So, as my mother said on the night I came out to her, it's no wonder that neither my marriage nor my other romantic relationships worked out. Or that I couldn't "settle down," no matter how long I stayed in any one place. And, as I confessed to her later, it's also the reason why I was always running away, whether on those long trips by myself or through various other forms of escape.

And now, given the opportunity to be myself, what happened? Well, I had a great time in that hip-hop class I taught. Actually, I did in all of my classes, but especially that hip-hop class. Am I the only one who could have created that course? Probably not. But I probably could not have truly expressed my love for poetry, and I certainly could not have connected with my students' love of the music (or at least the fact that it's what they grew up with) had I not allowed myself to be, well, Justine. Simply respecting what other people value is powerful enough. But experiencing what it means to them is something much more powerful altogether. And it opens all sorts of doors. I mean, I first learned to love poetry because of the musical performers like Bob Marley, Paul Simon, Bob Dylan and Joni Mitchell I heard when I was growing up. Now I could share that with my students, and open up poets who wrote in England 400 and 500 years ago--or even American ones who wrote 100 years ago--through Nas, Slick Rick, Talib Kweli, Lauryn Hill and Queen Latifah, just to name a few.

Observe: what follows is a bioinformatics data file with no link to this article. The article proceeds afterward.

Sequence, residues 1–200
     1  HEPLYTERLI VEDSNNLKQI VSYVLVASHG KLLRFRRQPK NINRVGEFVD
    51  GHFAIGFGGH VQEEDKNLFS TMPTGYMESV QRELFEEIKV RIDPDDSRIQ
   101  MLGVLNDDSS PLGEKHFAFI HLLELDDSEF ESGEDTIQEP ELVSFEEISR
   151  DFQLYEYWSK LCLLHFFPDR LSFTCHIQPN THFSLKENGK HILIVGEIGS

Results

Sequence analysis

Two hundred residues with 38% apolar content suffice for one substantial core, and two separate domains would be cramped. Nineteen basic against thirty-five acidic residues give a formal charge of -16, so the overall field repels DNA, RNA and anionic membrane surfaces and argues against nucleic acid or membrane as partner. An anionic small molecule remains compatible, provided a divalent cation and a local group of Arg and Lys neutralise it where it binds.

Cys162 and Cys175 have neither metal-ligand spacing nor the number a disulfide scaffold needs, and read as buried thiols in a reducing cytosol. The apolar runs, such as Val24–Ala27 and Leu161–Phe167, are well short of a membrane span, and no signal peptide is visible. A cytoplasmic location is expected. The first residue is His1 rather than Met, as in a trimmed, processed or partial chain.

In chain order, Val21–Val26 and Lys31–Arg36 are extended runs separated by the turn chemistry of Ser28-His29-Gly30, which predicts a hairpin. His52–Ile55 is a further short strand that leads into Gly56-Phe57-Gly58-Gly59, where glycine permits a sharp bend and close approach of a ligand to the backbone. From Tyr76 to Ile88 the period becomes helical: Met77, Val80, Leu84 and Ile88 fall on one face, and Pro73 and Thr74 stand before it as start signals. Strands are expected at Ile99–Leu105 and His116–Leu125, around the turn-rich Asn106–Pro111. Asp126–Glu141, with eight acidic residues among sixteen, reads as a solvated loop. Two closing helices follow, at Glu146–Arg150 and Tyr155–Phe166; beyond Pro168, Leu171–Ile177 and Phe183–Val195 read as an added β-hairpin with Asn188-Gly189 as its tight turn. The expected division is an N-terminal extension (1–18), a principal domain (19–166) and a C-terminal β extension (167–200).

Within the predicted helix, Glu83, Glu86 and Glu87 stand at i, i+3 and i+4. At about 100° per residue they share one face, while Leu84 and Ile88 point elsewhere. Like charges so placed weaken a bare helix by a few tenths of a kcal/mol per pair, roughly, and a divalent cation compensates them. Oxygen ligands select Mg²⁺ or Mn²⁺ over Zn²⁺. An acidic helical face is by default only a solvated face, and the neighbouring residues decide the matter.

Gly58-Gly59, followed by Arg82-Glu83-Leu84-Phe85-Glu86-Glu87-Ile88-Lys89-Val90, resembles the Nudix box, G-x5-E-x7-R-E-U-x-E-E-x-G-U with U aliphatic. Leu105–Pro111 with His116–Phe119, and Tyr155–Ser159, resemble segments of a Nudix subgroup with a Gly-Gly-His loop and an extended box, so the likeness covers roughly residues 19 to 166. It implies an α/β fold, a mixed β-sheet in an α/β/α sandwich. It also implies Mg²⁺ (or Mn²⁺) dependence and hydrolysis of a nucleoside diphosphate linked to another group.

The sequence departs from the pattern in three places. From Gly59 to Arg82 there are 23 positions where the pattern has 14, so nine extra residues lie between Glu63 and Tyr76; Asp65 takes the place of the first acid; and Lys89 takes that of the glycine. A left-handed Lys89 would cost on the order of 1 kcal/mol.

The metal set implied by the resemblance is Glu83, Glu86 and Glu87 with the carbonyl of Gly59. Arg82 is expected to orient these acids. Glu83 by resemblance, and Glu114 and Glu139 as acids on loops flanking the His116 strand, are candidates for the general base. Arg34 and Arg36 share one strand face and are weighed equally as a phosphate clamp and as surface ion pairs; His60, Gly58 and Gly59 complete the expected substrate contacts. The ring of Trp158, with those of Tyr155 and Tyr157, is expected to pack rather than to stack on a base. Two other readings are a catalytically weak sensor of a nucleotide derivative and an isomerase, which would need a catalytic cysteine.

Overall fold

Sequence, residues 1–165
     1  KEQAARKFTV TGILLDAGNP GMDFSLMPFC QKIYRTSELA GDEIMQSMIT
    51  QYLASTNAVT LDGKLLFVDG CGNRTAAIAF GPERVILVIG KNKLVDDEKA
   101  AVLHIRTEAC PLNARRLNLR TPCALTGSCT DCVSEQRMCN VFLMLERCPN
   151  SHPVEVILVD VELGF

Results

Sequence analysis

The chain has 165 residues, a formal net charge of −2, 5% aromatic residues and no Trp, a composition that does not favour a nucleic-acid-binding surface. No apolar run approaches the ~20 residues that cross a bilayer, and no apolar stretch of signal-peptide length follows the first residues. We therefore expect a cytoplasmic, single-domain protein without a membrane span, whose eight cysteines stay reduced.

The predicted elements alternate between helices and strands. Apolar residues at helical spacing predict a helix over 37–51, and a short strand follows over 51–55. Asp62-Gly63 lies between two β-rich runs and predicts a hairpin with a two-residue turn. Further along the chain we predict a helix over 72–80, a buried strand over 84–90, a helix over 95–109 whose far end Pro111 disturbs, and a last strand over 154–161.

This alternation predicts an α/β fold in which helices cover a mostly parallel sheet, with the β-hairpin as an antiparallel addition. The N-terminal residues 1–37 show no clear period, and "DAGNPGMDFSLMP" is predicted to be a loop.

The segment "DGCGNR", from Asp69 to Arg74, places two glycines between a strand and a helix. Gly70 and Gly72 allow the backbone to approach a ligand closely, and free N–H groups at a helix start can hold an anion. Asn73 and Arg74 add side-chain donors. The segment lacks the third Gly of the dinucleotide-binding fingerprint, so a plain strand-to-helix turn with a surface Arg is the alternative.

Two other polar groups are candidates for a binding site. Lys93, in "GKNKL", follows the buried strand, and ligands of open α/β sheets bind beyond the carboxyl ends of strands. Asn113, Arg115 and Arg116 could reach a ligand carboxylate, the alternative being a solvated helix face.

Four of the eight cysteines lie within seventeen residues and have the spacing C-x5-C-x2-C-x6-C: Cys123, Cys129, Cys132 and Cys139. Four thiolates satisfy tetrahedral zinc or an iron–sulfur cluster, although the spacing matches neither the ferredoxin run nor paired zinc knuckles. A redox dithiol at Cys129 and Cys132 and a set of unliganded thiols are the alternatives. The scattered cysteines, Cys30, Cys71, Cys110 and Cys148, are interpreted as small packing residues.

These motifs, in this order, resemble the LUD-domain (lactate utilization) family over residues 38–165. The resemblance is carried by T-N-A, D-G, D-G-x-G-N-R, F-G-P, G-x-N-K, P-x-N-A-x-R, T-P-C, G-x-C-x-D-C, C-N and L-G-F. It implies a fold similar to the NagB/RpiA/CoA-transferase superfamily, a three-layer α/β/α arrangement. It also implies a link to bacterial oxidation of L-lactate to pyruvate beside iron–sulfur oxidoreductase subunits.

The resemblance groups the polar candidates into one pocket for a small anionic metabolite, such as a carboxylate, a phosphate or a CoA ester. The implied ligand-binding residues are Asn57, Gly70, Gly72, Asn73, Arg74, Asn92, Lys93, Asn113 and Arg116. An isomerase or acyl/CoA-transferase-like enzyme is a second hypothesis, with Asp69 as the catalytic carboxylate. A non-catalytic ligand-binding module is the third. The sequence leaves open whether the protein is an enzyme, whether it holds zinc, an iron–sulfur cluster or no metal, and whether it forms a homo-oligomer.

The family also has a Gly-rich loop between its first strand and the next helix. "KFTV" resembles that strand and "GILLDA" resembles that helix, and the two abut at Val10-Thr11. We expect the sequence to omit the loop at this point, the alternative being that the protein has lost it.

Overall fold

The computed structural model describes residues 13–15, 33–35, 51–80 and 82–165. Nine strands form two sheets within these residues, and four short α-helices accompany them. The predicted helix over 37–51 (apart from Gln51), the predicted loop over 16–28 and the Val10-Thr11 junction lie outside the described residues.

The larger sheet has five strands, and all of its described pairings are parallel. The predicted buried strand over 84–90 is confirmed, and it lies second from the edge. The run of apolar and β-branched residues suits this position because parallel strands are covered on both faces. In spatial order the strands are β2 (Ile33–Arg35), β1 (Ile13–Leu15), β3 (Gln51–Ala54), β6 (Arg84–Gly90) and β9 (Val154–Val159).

Maybe they won't go on to take courses in Shakespeare or Emily Dickinson. But a few students told me that such writers seem less foreign to them now. I could see it in the papers they wrote: They were describing sonnets, tetrameters, slant-rhymes and other features of poetry in their own coherent words, which they could relate to their own lives. I would always like to accomplish more, but that seems like a good accomplishment for now.

It was inevitable, because I was being me. How else could it have turned out? At least it's a happy ending. Hopefully, there will be more.

Yes, it's been a pretty good semester. And in another 46 days, I'll be arriving at another inevitable outcome. I would have found a way to make the money and doing whatever else I need to do in order to have my surgery. But, as I recall, as I was about to embark on this journey, someone predicted that I would do what I'm about to do. "After all, you're a woman. You need to live like one." That woman, who was a chaplain for Housing Works when I worked there, said I could not be anything but a woman, and that I couldn't do anything but to manifest my nature. "You'll get the help and support you need," she predicted.

She's been right, mostly. Here I am. And, on campus, everywhere I turn, students are asking me what I'm teaching next semester.

And I have friends I never knew I could have.